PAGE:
abstract = "The significance of nonlinear optical properties (NOP) is pronounced in many physical scales starting from microscopic interactions, such as van der Waals, to macroscopic properties, like dielectric constant and refractive index. Obtaining NOP, that is, dipole and multipole moments and (hyper)polarizabilities of matter, by computational simulation is particularly important in systems beyond experimental reach, such as exotic light-nucleus molecules in warm dense matter present in stars and gas planets, or short life-time particles such as positron. Most first-principles approaches are straightforward in 0 K but become tedious in thermal ensembles and beyond the adiabatic approximation. The path-integral Monte Carlo method (PIMC) provides a tangible interface between the tensorial and the thermally averaged character of molecular (hyper)polarizabilities. In a recent study [1], we have derived field-free estimators that make the computation even more straightforward than our previous finite-field approach [2]. With the adiabatic, i.e. Born–Oppenheimer, approximation we obtain accurate tensorial ground state (hyper)polarizabilities, while the non-adiabatic simulation adds in considerable rovibrational effects and thermal coupling. In case of several two-electron systems, our results at the 0 K limit are either novel or in excellent agreement with the literature (e.g., see Fig. 1). Besides these results, we are presenting the derivation and demonstration of yet unpublished estimators for dipole-quadrupole polarizabilities of small molecules.",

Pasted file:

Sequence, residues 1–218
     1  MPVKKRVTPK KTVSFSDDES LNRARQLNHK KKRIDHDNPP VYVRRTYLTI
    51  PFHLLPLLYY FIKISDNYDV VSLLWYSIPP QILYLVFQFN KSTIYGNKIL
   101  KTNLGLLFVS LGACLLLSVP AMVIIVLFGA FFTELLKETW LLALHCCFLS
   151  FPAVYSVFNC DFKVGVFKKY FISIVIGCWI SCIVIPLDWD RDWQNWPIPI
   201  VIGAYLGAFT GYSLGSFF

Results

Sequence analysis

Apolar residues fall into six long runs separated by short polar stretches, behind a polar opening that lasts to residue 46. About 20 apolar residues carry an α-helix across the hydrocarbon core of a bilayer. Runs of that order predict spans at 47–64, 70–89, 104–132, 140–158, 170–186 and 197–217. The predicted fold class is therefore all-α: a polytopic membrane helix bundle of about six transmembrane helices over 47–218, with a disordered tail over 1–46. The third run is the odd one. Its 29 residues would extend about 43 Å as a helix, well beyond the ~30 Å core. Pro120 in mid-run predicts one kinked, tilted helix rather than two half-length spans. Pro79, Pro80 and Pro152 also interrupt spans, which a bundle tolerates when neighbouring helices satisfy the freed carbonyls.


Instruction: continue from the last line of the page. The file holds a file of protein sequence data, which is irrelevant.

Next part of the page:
author = "Juha Tiihonen and Ilkka Kyl{\"a}np{\"a}{\"a} and Tapio Rantala",
year = "2017",
month = "3",
day = "23",
language = "English",
note = "51st Annual Meeting of the Finnish Physical Society : Physics Days 2017 ; Conference date: 22-03-2017 Through 24-03-2017",
url = "http://fp2017.physics.aalto.fi/",

}

RIS (suitable for import to EndNote) - Lataa

TY - CONF

T1 - Computing thermal effects on nonlinear optical properties of small atoms

AU - Tiihonen, Juha

AU - Kylänpää, Ilkka

AU - Rantala, Tapio

PY - 2017/3/23

Y1 - 2017/3/23